Jasper the Dog is Betrayed, Again

I am betrayed once more.blind-guide-to-normal-9781510702288

Not only does my human’s latest book have guinea pigs on the cover—guinea pigs!—the story also features a…

No, I can’t bring myself to say it.

But I must.

Deep breath.

It features a cat.

Not just any cat, either, as despicable as that might be. No, it features a cat based on one she actually once knew. Her latest book, A Blind Guide to Normal, includes a cat named General MacCathur II. And it’s based on Goldie, a cat her grandparents had when she was a pup (or whatever humans call puppy versions o9781510703827-frontcoverf themselves).

Goldie even gets a shout out on the dedication page, which I know because I heard the Littlest Human ask why it wasn’t dedicated to him.

Great question, Littlest Human, but you got the dedication in my human’s book Pack of Dorks. Did I? No, of course not. I’ve simply dedicated my life to keeping her warm and cozy while she writes, defending her from Vacuum, adding my personal musk to our favorite chair and bringing her the toy she so loves to throw again and again.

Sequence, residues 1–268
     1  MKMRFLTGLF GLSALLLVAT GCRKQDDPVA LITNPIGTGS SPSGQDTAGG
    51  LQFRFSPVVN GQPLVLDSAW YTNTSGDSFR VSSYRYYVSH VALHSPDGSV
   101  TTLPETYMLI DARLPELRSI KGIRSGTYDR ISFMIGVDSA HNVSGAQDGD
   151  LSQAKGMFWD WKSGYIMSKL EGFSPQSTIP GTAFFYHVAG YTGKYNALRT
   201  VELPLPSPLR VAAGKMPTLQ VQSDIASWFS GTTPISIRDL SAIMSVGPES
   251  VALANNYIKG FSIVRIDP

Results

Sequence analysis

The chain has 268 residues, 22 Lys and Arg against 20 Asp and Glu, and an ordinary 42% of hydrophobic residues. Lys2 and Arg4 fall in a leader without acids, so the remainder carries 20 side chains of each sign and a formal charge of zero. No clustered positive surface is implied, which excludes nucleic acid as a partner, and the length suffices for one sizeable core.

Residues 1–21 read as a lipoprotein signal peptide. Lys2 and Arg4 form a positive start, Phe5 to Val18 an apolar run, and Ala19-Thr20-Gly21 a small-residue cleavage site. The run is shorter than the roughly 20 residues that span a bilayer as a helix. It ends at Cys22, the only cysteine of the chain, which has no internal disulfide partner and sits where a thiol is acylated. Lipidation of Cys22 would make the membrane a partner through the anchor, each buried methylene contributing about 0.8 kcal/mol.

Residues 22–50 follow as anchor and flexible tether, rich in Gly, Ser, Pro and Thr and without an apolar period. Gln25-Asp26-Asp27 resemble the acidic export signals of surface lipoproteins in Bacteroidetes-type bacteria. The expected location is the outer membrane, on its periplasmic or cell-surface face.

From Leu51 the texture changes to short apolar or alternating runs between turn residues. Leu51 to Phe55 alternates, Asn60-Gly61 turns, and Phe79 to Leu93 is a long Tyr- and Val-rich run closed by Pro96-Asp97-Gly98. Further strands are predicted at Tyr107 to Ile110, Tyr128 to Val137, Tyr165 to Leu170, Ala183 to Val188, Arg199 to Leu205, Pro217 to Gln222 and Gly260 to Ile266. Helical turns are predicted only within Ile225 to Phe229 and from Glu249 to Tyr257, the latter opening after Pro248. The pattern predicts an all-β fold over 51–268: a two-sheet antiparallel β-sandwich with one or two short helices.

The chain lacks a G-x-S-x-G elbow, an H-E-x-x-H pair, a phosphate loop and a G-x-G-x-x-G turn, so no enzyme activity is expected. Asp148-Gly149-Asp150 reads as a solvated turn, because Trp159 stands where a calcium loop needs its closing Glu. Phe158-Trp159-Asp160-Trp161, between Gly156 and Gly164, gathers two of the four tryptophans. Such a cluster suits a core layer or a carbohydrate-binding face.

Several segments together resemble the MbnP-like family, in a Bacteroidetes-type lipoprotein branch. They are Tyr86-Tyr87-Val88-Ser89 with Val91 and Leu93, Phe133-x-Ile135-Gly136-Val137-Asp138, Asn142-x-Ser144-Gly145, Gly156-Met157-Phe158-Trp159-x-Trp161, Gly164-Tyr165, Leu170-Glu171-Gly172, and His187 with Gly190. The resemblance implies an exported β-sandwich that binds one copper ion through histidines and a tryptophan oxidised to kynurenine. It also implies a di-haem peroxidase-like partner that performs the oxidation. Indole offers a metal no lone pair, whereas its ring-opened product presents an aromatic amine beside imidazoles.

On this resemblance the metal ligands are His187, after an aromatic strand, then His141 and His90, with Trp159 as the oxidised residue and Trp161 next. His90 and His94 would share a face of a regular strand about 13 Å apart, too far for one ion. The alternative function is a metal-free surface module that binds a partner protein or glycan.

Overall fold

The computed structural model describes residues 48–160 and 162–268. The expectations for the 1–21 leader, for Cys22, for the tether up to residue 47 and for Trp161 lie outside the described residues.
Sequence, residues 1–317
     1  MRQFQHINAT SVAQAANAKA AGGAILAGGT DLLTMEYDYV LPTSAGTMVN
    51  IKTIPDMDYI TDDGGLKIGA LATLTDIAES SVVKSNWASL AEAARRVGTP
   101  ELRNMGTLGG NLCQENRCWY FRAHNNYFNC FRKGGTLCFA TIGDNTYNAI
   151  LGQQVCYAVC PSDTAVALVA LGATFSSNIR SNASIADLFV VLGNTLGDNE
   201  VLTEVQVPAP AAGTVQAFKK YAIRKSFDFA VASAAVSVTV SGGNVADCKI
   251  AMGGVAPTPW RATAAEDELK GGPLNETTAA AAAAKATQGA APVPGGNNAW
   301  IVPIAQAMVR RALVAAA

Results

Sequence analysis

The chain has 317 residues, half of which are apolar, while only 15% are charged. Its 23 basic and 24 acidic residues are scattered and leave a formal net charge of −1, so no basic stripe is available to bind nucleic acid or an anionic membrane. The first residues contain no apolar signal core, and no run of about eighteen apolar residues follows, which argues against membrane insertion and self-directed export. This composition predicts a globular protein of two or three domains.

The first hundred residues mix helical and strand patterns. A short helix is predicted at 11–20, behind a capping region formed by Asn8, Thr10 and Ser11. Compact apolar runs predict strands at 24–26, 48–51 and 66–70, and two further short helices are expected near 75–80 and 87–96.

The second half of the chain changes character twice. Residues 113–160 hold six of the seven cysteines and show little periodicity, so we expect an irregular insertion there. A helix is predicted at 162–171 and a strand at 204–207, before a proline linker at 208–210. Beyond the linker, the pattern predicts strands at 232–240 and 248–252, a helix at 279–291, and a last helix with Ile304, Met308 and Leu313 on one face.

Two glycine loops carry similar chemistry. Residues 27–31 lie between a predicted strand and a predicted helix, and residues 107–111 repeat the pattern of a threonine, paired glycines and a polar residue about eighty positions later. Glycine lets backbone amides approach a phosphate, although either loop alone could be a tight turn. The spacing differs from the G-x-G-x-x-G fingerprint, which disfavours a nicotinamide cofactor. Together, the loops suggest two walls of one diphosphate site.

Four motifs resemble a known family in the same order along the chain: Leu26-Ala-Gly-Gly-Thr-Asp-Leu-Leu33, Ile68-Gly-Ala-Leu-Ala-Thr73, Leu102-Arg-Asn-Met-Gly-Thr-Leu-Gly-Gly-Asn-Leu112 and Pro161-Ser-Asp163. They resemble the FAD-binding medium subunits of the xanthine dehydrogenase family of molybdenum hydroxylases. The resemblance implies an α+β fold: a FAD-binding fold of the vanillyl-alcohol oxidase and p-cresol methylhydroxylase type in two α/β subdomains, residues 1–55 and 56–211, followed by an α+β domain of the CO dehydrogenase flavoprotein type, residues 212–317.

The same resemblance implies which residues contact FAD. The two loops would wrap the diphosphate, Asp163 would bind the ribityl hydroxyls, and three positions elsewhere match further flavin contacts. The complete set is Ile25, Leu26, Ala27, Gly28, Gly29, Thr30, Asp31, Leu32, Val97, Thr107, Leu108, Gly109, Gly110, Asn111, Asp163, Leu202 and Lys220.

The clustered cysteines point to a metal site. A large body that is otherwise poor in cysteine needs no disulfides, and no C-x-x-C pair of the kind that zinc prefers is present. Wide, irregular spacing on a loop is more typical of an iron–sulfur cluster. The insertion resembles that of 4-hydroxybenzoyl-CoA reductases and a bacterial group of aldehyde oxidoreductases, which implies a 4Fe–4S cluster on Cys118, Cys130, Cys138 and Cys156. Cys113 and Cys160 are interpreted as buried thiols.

Yet I’ve never gotten a dedication. The closest acknowledgment to my influence is the golden version of me on the cover of her book A Blind Guide to Stinkville. She told me that Tooter, the dog in that book, is based on me, but her description of him (a fat, farting dog who goes where he shouldn’t) sounds pretty far off from me.

Yet this Goldie gets a whole dedication.

Okay. If she likes cats, fine.

I, Jasper the Dog, will become a cat.


Day One

I consult with Winn-Dixie and Pippin the Guinea Pigs, who lived in a pet store among other animals, including cats, when they were guinea piglets.

“What do you know about cats?” I ask.

“They’re horrid,” they squeak.

“That’s what you say about humans.”

“Yes,” they squeak.

“And dogs.”

“Yes.” Pippin scurries into their hut and away from me. Winn-Dixie darts in and flips the hut. Pippin screeches and chases Winn-Dixie. They do this all day.

“But what do cats do?” I call above their screeches. “How do they cat?”

The pigs pause. Winn-Dixie says, “They sit high on top of things.”